Nevada joins list; Bush commends states for school accountability
President Bush praised the states Tuesday for embracing their marching orders: increase testing, improve teaching and raise student achievement.
Bush chose a sunny Rose Garden setting to announce that Nevada and 16 other states and territories have met accountability plans under his administration's No Child Left Behind Act. Thirty-five states met the standard earlier.
More broadly, the ceremony put a spotlight back on the president's original domestic priority, the landmark overhaul of elementary and secondary education.
"The era of low expectations and low standards is ending," Bush said. "A time of great hopes and proven results is arriving."
Bush and Congress had ordered states to adopt the measures under a law that won bipartisan backing in 2001.
Nevada was among the last states to meet the standard because state lawmakers didn't approve enabling legislation until Friday, said Keith Rheault, deputy state school superintendent.
Rheault said Nevada had been using the national Iowa Test of Basic Skills, and only tested students in third, fifth and eight grades. To meet the federal standard, the Legislature needed to also allow testing in grades four, six and seven, and state educators needed to adopt a test more specific to Nevada.
Rheault said that having adopted federal requirements to look beyond overall school statistics and also chart improvement in racial and economic categories, the number of Nevada's 520 schools categorized as "needs improvement" could more than triple from 42 this year to 150 next year.
"That will require additional planning and improvements and money," he said.
Approval of the state plans was expected this month, just as states were required to submit plans by the end of January. Still, Bush and other Republicans said both steps were meaningful mileposts, the kind states used to ignore.
"This is more than just a significant moment," said Education Secretary Rod Paige, standing next to Bush. "This is a watershed moment."
Education is traditionally a matter for state and local governments, which pick up about 90 percent of the cost. But the Bush-backed law created a more forceful federal role, as national leaders grew weary of stagnant test scores and lower achievement among minorities.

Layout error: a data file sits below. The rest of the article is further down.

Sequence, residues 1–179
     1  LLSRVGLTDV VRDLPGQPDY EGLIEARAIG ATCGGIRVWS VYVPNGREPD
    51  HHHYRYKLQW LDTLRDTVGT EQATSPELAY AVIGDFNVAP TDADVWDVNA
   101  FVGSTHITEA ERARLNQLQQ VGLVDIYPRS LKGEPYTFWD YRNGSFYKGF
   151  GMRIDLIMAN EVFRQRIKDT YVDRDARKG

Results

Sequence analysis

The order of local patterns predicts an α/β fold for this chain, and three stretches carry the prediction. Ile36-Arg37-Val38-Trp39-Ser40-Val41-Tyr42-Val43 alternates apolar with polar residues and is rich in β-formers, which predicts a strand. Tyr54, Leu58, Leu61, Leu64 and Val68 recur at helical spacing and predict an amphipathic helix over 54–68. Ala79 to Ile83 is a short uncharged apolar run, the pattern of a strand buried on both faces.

The accountability plans show how states will chart "adequate yearly progress" - not just for a school's overall population, but for subgroups, such as minorities and students who speak little English.
Federal intervention grows by the year for schools that receive federal low-income aid but don't show yearly improvement. The consequences include letting students transfer to another school in the district, providing private tutoring for free, replacing school staff and - after five years of school failure - letting the state take over.
"Some of those schools will undoubtedly have to make tough choices. That's OK," Bush said. "Remember what's at stake: When a student passes from grade to grade without knowing how to read and write, add and subtract, the damage can last a lifetime."
Overall, the goal is to get every child proficient in math and reading by 2013-14. Every core class must have a "highly qualified" teacher by 2005-06, the same year states must provide more testing, including annual math and reading tests in grades 3-8.
Parents get their own tools: more information about the quality of schools, and more flexibility to move their children out of a bad school. Many education stakeholders are still trying to understand the massive law, making the upcoming school year a time when true implementation will be tested.
"It's being received well," said Sandy Garrett, the chief school officer in Oklahoma. "The challenge is in making certain that it's paid for, and making sure all educators are included; getting information to every single classroom is the issue."
While the accountability push has stirred the debate over test-centered teaching, the most notable flap has been about money.
Bush proposes $53 billion for the Education Department next year, an increase of $2.8 billion, the largest for any domestic agency. The total includes $22.5 billion for No Child Left Behind programs.
Critics point out the No Child law authorized much more for certain programs, such as $18.5 billion for disadvantaged Title I schools, not Bush's $12.4 billion. Republicans say authorizations were meant to be caps, not promises. Democrats say that's a $6 billion excuse.
(Copyright 2003 by The Associated Press. All Rights Reserved.)